Response of Hybrid Lowland Rice (Oryza sativa L.) Cultivar FARO44 to Salinity in Coastal Plain Sands of the Niger Delta, Nigeria
Journal of Plant Sciences
Volume 3, Issue 2, April 2015, Pages: 106-110
Received: Apr. 1, 2015; Accepted: Apr. 8, 2015; Published: Apr. 18, 2015
Views 4121      Downloads 157
Authors
Achinike Emoghene, Crop and Soil Science Department, Faculty of Agriculture, University of Port Harcourt, Port Harcourt, Nigeria
Elsie Ihuakwu Hamadina, Crop and Soil Science Department, Faculty of Agriculture, University of Port Harcourt, Port Harcourt, Nigeria
Andrew Efisue, Crop and Soil Science Department, Faculty of Agriculture, University of Port Harcourt, Port Harcourt, Nigeria
Article Tools
Follow on us
Abstract
Salinity is veritable issue in coastal lowlands of Niger Delta, due to salt water intrusion, and can reduce yield of lowland rice. Hybrid lowland rice cultivar (particularly FARO44; SIPI) are currently distributed and cultivated across Nigerian agroecological zones but the specific effect of salinity on these hybrid rice varieties is not well defined. This study seeks to determine the effect of sodium chloride (NaCl) on germination and seedling growth of FARO44 (SIPI). The study was a pot experiment, with 5 levels of sodium chloride (NaCl) concentrations (0, 1.0, 1.5, 3.0, and 5.0 dS cm-1). The seeds took about 30days to germinate in the control, as compared to other treatments. Germination was 42% in the control, 45% at 1.0 dS cm-1 and 34% at 5.0 dS cm-1. A visual assessment for salt injury showed that the Control plants had normal growth of leaves and at 5.0 dS cm-1 NaCl, there was nearly normal growth of leaves but the tips of the leaves were whitish and rolled. Vegetative growth studies showed that the height to the first leaf in the control was 4.45m and the longest height to the first leave was recorded at 1.5 dS cm-1 NaCl. The tallest (38.7 cm) plants were observed at the 1.5 dS cm-1 NaCl treatment but it was statistically similar with other treatment expect in the control which had the lowest plant height (23.4 cm). The highest number of leaves was recorded at 1.5 dS cm-1 NaCl concentration, while lowest was recorded with 5.0 dS cm-1 NaCl. FARO44(SIPI) appears to tolerate NaCl of up to 1.5 dS cm-1.
Keywords
Tomato Hybrids, Heat Tolerance, Humid Tropics
To cite this article
Achinike Emoghene, Elsie Ihuakwu Hamadina, Andrew Efisue, Response of Hybrid Lowland Rice (Oryza sativa L.) Cultivar FARO44 to Salinity in Coastal Plain Sands of the Niger Delta, Nigeria, Journal of Plant Sciences. Vol. 3, No. 2, 2015, pp. 106-110. doi: 10.11648/j.jps.20150302.20
References
[1]
Remison, U. 2005. Arable and Vegetable Crops of the Tropics. Gift Prints Associates. pp19-30
[2]
Domnic, J. U. 2005. Crop Production Techniques in the Tropics. Concept Publication Limited, Lagos, Nigeria.
[3]
Imolehin, E.D. and A.C. Wada. 2000. Meeting the rice production and consumption demands of Nigeria with improved technologies. Int. Rice Com. Newsl. FAO http://www.fao.org/docrep/x7164t/x7164t04.htm#P0_0
[4]
IRRI, 2001. Annual Report,International Rice Research Institute, IRRI, Los Barros, Phillipines.
[5]
Singh, B.N., Fagade, S., Ukwungwu, M.N., Williarn, C., Jagtap, S.S., Oladimeji, O., Effisue, A. and Okhidievbie, O. 1997. Rice growing environments and biophysical constraints in different agroecological zones of Nigeria. Met. J., 2(1): 35-44.
[6]
IRRI. 1991. World Rice Statistics, p. 34-42.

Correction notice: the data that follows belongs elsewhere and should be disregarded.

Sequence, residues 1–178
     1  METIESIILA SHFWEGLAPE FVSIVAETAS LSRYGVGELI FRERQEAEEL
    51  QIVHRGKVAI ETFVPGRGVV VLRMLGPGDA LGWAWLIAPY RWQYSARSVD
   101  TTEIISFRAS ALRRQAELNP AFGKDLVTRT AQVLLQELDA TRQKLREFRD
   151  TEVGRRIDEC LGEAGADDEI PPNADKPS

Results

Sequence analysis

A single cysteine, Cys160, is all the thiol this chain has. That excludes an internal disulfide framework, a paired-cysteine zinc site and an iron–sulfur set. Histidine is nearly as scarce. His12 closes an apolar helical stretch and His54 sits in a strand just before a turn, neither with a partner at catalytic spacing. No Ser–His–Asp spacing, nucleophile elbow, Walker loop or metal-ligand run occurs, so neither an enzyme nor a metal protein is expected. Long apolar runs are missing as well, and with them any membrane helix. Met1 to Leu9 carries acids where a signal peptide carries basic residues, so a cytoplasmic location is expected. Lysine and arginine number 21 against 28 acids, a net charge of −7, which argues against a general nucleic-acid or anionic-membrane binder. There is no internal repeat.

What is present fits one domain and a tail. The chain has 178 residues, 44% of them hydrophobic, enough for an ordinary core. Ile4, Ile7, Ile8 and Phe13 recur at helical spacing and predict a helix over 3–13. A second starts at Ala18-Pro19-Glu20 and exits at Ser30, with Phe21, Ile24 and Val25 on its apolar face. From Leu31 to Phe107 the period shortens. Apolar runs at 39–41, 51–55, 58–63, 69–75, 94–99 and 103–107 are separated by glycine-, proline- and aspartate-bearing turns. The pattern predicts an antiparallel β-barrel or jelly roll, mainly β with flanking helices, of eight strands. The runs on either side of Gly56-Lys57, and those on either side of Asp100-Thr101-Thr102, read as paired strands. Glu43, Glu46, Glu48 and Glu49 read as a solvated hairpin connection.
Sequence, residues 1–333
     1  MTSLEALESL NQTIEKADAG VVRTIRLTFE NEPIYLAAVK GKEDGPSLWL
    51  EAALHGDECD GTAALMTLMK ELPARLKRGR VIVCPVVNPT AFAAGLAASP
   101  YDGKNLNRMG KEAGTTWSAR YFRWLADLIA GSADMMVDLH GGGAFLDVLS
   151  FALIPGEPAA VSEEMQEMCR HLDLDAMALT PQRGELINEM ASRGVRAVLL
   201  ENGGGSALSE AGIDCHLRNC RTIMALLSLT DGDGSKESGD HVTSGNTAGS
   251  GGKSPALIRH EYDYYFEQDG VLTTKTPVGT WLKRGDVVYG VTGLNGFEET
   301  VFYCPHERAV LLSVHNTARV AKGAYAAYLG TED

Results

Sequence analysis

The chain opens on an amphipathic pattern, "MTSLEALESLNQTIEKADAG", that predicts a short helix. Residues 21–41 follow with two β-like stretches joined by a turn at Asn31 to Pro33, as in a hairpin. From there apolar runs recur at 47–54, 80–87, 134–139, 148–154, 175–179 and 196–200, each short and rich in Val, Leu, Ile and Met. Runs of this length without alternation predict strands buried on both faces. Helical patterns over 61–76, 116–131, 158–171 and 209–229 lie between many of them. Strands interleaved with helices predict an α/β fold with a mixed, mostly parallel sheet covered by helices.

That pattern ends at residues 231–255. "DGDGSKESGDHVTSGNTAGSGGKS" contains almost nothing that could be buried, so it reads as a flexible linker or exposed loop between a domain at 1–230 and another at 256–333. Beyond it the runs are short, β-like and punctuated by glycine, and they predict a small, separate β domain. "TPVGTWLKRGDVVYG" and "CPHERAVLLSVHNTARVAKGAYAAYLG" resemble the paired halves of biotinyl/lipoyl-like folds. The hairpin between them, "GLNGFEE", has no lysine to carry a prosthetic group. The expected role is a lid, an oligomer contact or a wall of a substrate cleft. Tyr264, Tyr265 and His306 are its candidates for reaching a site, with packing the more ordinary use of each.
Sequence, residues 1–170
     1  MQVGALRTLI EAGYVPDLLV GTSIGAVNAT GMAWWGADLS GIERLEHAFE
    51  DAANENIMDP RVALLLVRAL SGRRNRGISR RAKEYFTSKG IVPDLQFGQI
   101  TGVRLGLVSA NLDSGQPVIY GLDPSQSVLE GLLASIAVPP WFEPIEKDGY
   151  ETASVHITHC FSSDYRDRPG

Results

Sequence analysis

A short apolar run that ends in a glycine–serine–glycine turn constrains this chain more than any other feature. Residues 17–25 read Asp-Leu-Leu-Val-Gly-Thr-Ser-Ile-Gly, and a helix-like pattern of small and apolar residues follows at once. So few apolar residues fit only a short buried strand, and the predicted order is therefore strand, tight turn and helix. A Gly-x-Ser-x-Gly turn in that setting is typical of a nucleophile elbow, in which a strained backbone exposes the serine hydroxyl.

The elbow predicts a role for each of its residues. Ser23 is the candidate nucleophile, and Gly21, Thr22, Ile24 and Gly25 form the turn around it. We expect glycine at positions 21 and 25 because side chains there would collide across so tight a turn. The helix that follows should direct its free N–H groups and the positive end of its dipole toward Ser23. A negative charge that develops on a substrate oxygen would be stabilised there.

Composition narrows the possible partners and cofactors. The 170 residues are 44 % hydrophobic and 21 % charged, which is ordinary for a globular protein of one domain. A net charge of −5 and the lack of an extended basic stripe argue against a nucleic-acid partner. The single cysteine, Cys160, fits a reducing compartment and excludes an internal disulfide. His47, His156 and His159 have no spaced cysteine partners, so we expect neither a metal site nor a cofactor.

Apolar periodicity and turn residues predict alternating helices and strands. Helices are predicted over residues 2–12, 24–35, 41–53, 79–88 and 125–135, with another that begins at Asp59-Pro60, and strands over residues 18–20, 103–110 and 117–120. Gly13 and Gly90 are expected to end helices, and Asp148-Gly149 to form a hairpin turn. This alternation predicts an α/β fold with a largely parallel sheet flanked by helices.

[7]
IRRI. 1995. World Rice Statistics, p. 34-42
[8]
Asch, F., Wimmer, M. A. Keshav, P. D.and Udays, D. 2003. Boron Distribution Shows Sodium Distribution in Rice Leaves to be Independent of Transpiration. Conf. Int, Agr. Res. Devel. pp124
[9]
Yeo, A R., S. M. Caoorn and T. J. Flower. 1985. The Effect of Salinity Upon Photosynthesis in Rice (Oryza sativa L.): Gas Exchange by Individual Leaves in Relation to their Salt Content. J. Exp. Agr. 36:1240-1248
[10]
Shelp, B. J., E. Marentes. A. M. Kitheka, and P. Vivekanandan. 1995. Boron mobility in plants. Physiol. Plant 94: 356 - 361
[11]
Munns, R. 2002. Comparative physiology of salt and water stress. Plant Cell Environ. 25: 239 - 250
[12]
Tester M, and Davenport, R. 2003. Na+ tolerance and transport in higher plants. Ann. Bot. 91: 503 - 527
[13]
Sembring, H. and Gani. A. 2007. Adaptability of Rice on Tsunami Affected Soil. Training Workshop Soil Management for Rebuilding Agriculture in Tsunami Affected Areas in Nangrovve Acch Darussalam Province, Banda Acch. pp13-16
[14]
Richard LA. 1954. Diagnosis and improvement of saline and alkali soils. Agriculture Handbook No. 60. United States Department of Agriculture. Washington, USA: Government Printing Office.
[15]
Gregorio, G. B., D. Senadhira and R. D. Mendoza. 2002. Progress in Breeding for Salinity Tolerance and Associated Abiotic Stresses in Rice Field Crop Res. 76 (2-3); 91 - 101
[16]
Hossain, M. S. 2004. Effect of Salinity on Germination, Growth Biochemical Attributes and Yield of Rice Nutrients. M. Sc. Thesis. Bangladesh Agricultural University Mymensingh.
[17]
Khan, M.S.A, Hamid, A. and Karim. M.A. 1997.. Effect of Sodium Chloride on Germination and Seedling Characters of Different Types of Rice (Oryza sativa L). J. Agr. Crop Sci, 179: 163 – 169.
[18]
Islam, M. M and Karim, M.A.. 2011. Evaluation of rice (Oryza sativa L.) genotypes at germination and early seedling stage for their tolerance to salinity. Agriculturist 8(2):57-65
[19]
Dagar, I.C. 1996. Rehabilitation of coastal saline lands by planting suitable species. I. Ind. Soc. Coast. Agr. Res. 14 (1~2): 185-194
[20]
Zeng L and M. C., Shannon. 2000. Salinty effects on seedling growth and yield yomponents of rice. Crop Sci. 40: 996 - 1003
ADDRESS
Science Publishing Group
1 Rockefeller Plaza,
10th and 11th Floors,
New York, NY 10020
U.S.A.
Tel: (001)347-983-5186